The reason we assign a certain grade is to give a student feedback on what they have learned. If a student writes a test and gets all the answers wrong, they are assigned a zero on that test. This tells the teacher the student does not know the material and needs extra support. The mark is then put in the context of all their other learning that takes place during the year. If, by the end of the year, the student still hasn’t mastered the material, they fail the course.
However, missed assignments are treated differently. Our approach to missed assignments is to work with each student to find out the reason they did not turn in an assignment. Once a teacher finds out the reason, they work with the student to come up with a solution to address the situation. They agree to a plan to turn in future assignments and the teacher holds the student accountable.
I read with interest your articles about Lynden Dorval’s refusal to follow policy in the school in which I taught in Edmonton. It is unfortunate that his career is ending this way but not following policy has always been a reason for teachers to be fired – and I suspect if he was not following other policies you would agree and not call him a hero.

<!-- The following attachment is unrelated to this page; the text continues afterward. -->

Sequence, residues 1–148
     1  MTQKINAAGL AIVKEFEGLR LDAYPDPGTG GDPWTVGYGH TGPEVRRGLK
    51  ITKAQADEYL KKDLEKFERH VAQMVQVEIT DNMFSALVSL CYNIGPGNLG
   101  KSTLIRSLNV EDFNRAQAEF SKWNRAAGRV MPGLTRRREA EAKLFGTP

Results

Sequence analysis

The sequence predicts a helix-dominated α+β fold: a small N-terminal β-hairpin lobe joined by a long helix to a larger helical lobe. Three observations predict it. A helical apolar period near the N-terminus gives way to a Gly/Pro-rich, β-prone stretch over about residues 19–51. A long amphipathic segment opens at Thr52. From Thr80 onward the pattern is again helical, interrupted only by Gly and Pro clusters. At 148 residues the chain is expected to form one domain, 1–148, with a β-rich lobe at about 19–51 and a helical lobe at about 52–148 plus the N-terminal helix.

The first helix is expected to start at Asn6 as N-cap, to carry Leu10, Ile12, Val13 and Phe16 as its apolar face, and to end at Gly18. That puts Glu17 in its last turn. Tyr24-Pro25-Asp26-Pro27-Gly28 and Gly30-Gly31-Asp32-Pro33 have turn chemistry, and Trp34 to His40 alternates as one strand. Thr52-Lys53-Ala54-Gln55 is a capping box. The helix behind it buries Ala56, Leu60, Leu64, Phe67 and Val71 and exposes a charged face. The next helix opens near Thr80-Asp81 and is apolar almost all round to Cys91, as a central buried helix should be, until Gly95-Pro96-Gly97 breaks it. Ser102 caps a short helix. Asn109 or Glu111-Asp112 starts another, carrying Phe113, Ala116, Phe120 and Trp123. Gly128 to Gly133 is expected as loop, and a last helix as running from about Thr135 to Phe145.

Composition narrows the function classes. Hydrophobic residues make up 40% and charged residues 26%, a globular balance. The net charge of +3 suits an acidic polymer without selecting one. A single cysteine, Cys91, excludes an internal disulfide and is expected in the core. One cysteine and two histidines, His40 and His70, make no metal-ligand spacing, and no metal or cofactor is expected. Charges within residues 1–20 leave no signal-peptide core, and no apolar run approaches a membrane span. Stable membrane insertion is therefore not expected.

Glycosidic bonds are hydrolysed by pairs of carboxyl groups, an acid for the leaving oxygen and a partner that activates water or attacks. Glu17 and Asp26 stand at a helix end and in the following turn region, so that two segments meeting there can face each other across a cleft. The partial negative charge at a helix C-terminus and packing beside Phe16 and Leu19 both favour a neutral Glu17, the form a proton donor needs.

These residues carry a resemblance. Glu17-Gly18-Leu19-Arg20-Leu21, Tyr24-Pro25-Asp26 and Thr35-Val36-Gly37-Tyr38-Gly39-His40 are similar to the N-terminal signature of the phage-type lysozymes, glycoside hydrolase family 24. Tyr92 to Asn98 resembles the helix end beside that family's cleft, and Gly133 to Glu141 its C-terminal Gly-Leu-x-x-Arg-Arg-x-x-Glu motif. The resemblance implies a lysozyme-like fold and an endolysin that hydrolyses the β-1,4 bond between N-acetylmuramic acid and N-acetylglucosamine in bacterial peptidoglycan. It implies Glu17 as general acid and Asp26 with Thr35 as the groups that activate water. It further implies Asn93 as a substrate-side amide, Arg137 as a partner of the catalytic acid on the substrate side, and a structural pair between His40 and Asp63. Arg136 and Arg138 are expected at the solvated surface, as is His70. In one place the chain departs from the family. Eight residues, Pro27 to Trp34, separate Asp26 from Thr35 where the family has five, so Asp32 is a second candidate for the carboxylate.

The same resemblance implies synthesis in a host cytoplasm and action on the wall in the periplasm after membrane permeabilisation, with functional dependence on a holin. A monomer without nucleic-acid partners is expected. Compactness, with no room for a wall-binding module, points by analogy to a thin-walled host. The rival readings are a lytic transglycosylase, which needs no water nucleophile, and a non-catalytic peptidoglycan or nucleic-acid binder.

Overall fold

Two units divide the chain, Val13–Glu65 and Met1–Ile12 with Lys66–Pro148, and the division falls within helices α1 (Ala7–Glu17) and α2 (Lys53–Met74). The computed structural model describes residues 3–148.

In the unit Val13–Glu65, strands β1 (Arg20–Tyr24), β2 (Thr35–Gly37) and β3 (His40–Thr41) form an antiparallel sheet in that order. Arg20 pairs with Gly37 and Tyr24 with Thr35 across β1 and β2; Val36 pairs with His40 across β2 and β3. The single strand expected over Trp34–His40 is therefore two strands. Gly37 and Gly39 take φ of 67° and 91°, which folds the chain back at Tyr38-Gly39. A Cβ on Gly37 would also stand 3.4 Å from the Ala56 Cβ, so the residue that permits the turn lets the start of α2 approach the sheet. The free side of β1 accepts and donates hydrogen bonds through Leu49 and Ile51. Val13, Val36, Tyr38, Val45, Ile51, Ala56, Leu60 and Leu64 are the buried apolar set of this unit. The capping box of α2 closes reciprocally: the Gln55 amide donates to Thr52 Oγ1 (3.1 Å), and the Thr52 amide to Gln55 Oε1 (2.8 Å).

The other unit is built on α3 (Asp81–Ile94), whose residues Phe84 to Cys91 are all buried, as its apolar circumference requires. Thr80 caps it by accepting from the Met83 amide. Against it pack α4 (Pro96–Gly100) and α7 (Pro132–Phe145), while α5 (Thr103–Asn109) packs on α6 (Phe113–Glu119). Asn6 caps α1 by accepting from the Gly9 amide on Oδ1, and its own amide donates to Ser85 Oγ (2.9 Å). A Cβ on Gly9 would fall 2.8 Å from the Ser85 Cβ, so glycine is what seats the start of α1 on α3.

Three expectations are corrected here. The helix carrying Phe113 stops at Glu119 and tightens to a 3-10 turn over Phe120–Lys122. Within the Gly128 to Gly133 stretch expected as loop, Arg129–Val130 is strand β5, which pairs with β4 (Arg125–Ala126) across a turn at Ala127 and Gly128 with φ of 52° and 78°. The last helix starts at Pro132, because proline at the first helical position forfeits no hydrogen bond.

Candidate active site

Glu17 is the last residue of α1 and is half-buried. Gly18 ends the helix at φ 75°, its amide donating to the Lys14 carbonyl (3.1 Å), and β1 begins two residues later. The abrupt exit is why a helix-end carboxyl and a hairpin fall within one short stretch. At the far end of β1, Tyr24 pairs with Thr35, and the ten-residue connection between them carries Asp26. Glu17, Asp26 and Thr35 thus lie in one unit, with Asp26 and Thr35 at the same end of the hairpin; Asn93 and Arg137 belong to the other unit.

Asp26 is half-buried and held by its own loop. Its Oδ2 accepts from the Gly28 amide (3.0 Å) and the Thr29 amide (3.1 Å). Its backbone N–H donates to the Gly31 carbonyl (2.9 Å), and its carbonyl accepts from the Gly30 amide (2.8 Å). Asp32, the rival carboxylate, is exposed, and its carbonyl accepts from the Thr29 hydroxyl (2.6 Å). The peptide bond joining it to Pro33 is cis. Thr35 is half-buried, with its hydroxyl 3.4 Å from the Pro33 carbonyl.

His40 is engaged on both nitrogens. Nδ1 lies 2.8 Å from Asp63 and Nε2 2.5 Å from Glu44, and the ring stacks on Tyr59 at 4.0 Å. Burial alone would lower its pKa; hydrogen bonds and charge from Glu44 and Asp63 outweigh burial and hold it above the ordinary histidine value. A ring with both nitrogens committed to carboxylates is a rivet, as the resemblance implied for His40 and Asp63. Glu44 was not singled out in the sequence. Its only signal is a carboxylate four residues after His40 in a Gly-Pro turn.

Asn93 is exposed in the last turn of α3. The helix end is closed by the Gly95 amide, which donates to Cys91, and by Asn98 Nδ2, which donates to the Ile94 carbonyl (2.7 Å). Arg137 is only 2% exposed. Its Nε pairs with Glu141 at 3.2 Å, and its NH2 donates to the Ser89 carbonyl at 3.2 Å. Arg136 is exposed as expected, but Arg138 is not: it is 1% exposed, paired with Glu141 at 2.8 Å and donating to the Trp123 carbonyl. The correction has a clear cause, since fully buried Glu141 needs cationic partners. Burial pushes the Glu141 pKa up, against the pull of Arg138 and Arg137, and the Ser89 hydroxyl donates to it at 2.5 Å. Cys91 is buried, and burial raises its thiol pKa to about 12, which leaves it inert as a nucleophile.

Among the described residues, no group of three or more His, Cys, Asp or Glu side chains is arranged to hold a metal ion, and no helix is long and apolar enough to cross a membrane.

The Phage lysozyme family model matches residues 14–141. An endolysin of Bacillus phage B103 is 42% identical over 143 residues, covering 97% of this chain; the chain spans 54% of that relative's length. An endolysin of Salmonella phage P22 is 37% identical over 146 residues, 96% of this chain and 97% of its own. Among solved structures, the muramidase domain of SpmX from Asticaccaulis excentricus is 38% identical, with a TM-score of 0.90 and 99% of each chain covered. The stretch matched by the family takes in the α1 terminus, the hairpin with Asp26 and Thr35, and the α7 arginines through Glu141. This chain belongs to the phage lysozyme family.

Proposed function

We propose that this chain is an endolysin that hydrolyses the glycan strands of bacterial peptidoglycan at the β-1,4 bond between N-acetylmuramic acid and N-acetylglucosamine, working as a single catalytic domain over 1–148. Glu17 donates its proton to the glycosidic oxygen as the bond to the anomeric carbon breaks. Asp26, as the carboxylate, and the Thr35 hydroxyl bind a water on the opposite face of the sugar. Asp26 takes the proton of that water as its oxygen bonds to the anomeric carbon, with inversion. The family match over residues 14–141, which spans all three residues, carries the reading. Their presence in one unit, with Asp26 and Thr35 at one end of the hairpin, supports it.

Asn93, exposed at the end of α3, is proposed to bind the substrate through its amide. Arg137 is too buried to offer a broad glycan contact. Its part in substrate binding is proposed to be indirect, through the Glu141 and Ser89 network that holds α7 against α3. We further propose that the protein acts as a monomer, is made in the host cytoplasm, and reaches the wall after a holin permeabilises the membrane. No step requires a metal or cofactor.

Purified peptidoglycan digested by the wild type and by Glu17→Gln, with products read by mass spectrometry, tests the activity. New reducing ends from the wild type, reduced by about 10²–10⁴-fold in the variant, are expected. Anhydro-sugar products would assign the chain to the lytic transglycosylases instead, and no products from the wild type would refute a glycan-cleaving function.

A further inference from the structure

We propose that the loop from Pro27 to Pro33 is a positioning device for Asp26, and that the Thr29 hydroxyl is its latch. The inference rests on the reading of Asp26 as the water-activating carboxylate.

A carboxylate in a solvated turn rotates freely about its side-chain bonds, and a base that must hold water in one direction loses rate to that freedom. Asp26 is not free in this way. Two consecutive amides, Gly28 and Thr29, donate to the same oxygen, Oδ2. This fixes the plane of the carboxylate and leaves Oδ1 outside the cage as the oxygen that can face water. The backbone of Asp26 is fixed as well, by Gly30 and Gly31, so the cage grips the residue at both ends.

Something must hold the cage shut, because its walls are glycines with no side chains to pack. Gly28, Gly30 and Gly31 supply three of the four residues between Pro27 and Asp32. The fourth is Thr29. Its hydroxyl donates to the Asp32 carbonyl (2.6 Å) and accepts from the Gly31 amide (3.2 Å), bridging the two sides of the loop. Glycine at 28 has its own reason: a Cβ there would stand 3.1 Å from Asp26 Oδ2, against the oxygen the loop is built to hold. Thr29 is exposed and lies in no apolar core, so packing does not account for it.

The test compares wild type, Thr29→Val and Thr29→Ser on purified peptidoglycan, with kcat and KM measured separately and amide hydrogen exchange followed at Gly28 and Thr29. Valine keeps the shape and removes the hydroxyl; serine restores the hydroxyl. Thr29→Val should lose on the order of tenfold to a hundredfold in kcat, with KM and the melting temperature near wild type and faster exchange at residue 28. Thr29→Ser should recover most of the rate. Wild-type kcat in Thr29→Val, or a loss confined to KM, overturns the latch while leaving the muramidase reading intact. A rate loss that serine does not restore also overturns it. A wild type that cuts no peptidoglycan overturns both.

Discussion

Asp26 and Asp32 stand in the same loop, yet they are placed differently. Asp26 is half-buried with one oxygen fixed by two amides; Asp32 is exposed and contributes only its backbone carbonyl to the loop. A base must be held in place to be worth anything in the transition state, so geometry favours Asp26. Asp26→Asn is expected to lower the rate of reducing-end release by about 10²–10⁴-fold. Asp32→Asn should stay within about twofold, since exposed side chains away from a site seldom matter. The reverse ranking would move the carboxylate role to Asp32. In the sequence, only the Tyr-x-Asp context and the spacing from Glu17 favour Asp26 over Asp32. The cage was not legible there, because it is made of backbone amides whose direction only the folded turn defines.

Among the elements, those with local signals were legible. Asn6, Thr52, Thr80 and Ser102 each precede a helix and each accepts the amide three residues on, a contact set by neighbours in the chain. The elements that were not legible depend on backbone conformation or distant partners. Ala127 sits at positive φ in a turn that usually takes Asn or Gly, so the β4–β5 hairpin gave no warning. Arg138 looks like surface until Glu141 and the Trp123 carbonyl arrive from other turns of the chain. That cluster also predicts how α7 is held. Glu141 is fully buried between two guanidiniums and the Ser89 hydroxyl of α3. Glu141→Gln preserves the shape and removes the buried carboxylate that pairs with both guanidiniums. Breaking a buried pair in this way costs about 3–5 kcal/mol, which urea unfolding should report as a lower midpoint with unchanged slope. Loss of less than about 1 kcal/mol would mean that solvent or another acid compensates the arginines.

I do not understand why Mr. Dorval – and you – cannot understand that giving zeros is the opposite of accountability and/or responsibility. Giving a student a zero is giving them a pass to not do the assessment; accountability involves requiring the student to complete the assessment and, if they do not do it, being clear that the teacher will not have enough evidence to determine a grade so their grade will be “I” for Incomplete which means no credit.
Mr. Dorval is completely incorrect in claiming that the no zeros policy is attached to the self-esteem movement. The no zeros policy is attached to the movement for grades that are accurate, meaningful, consistent, and supportive of learning. -- Ken O’Connor
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